C.K. Prahalad, a Paul and Ruth McCracken Distinguished University Professor of Strategy in the Ross School of Business, passed away in San Diego, California Friday.

In an e-mail to the Ross community, Dean Bob Dolan said Prahalad died “after a brief illness.”

Prahalad, 68, was internationally recognized for his research in corporate strategy and the best ways top management can navigate the often-complex waters of running large, multinational corporations. At the University, Prahalad was a well-respected and deeply admired member of the community, both as an expert in his field and as a teacher.

Dolan said in an interview Saturday that Prahalad was a “quintessential” professor who pushed students and taught them to appreciate the resources available to them at the University.

“He was really terrific with the students in terms of setting an enormously high standard for them to follow,” Dolan said. “He really did have a way of transforming their lives. He really was a very special guy.”

Dolan said with Prahalad’s passing the University not only lost someone with an incredible personality, but also a man with a unique understanding of the impact of business.

“The very special thing about him was that he really had a very inspiring view of what business can do for the world,” Dolan said.

Dolan added that students who had the opportunity to work with Prahalad were truly fortunate.

“(You knew) you were going be a different person when you were done (with his class),” Dolan said. “You were going to have higher aspirations and more confidence in yourself.”

Prahalad was born in the Tamil Nadu province in southern India. His father was a well-known scholar and judge in Chennai, India. Prahalad earned a Bachelor of Science degree in physics at Loyola College and the University of Madras and received a postgraduate degree in business administration at the Indian Institute of Management. While in school, Prahalad worked as a manager of a Union Carbide Co. battery plant.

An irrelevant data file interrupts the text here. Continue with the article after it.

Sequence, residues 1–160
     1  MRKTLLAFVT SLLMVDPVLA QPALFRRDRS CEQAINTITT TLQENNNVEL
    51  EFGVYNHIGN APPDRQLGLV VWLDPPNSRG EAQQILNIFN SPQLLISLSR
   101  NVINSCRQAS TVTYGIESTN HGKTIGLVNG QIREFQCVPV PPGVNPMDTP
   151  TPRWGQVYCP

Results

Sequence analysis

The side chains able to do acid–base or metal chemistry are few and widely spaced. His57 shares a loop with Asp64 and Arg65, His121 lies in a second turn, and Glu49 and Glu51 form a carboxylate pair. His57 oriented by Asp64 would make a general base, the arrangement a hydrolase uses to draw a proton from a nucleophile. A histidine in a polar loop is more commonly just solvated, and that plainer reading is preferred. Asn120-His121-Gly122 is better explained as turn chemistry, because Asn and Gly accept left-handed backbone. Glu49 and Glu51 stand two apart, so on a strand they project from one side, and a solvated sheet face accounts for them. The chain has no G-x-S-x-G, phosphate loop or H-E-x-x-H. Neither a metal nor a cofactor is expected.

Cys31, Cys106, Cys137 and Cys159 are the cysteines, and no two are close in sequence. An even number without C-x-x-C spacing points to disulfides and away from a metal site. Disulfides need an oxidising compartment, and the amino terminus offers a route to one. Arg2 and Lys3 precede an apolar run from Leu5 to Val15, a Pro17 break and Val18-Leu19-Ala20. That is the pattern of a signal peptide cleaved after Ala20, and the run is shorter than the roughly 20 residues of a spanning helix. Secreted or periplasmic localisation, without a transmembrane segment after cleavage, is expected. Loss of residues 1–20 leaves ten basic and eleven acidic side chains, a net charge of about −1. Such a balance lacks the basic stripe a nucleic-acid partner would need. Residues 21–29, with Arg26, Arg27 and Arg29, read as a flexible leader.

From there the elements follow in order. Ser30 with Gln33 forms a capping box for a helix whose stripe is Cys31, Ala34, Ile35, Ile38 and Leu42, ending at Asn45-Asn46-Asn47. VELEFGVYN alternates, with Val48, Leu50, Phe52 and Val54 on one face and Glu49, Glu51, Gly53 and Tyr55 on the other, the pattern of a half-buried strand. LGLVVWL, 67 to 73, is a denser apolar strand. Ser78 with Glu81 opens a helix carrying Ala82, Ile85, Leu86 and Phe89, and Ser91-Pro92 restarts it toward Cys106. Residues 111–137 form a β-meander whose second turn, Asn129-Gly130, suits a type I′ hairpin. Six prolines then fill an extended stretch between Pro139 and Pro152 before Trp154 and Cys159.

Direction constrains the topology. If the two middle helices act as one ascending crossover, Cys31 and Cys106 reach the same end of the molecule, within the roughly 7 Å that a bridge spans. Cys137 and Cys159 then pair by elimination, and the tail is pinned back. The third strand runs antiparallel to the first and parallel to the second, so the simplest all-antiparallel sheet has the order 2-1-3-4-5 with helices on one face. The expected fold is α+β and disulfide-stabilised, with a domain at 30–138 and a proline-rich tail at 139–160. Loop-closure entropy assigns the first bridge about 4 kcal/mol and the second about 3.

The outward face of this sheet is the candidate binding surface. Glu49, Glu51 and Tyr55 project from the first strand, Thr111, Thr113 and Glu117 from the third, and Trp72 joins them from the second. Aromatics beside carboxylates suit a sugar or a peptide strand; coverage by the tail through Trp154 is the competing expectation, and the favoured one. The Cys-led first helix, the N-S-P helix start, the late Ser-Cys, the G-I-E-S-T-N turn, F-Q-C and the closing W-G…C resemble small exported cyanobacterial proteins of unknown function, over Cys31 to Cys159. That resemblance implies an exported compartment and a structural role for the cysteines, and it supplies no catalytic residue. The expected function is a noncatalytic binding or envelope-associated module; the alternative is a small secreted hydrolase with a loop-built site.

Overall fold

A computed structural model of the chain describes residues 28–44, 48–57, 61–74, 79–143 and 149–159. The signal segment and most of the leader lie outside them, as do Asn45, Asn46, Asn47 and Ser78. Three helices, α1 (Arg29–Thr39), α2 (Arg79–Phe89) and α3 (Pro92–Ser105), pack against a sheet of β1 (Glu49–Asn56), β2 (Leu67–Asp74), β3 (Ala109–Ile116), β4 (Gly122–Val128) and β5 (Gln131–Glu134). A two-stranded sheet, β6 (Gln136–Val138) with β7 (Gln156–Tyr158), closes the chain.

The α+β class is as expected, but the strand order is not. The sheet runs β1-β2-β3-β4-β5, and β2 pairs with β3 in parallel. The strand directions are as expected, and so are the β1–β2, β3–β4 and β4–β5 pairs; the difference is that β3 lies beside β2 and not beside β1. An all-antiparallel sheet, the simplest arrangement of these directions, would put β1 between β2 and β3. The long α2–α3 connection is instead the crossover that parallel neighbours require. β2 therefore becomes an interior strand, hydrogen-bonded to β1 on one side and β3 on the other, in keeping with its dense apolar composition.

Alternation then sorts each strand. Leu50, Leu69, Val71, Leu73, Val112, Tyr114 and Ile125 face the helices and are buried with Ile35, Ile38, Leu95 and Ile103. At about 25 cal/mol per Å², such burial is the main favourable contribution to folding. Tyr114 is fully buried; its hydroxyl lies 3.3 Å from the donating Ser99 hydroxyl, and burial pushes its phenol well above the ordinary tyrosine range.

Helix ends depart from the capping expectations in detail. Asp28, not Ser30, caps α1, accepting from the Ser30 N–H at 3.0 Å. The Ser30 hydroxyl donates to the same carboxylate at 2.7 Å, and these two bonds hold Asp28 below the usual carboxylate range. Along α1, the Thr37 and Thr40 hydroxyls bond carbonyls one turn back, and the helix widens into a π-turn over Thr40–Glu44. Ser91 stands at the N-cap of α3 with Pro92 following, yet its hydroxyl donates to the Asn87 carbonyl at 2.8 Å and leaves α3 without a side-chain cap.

During his time at the Indian Institute of Management, Prahalad met his wife Gayatri, and the couple later had two children.

In 1975 Prahalad graduated from the Harvard Business School with a Doctor of Business Management and wrote his doctoral thesis on multinational management.

According to Business Week, Prahalad’s thesis was one of the first studies to claim corporations needed to restructure so that they could employ global strategies while addressing local concerns.

After graduating from Harvard, Prahalad went back to India to teach at the Indian Institute of Management for two years before joining the faculty at the Business School here at the University of Michigan in 1977.

In 1990, Prahalad and colleague Gary Hamel published “The Core Competence of Corporate Strategy” in The Harvard Business Review, which explained the idea of “core competency,” — a concept businesses now identify as a crucial factor in how they and their employees work.

Among Prahalad’s many publications, he had several international bestselling books, including “Competing for the Future,” “The Future of Competition” and “The Fortune at the Bottom of the Pyramid: Eradicating Poverty through Profits.”

Dolan spoke highly of “Fortune at the Bottom” and said the book has had a profound impact in the business world.

“(‘Fortune at the Bottom’) … is one of the most influential management books ever written,” he said.

The book offered new models for providing goods and services to people in third world countries. In the book, Prahalad claimed people at the “bottom of the pyramid,” who were often dismissed as outsiders of the international economy, were actually the future of the global market.

“If we stop thinking of the poor as victims or as a burden and start recognizing them as resilient and creative entrepreneurs and value-conscious consumers, a whole new world of opportunity will open up,” he wrote.

According to Dolan, Prahalad wanted to involve students in his research for “Fortune at the Bottom,” so he conducted 10 field-based projects through which students could “document phenomena throughout the world.”

A 2006 article in Business Week said the book “turned Prahalad into a celebrity in the field of international development.”

Throughout his career, Prahalad received a number of honors and awards. In 2009, he received the Pravasi Bharatiya Samman — an award given by the president of India to men and women who make exceptional and praiseworthy contributions in their respective fields. In the same year, the Indian government honored Prahalad with the Padma Bushan — the third highest civilian award in India — for his distinguished service to the nation. The Times of the United Kindom also named Prahalad the most influential business thinker on its The Thinkers 50 List in October 2009.

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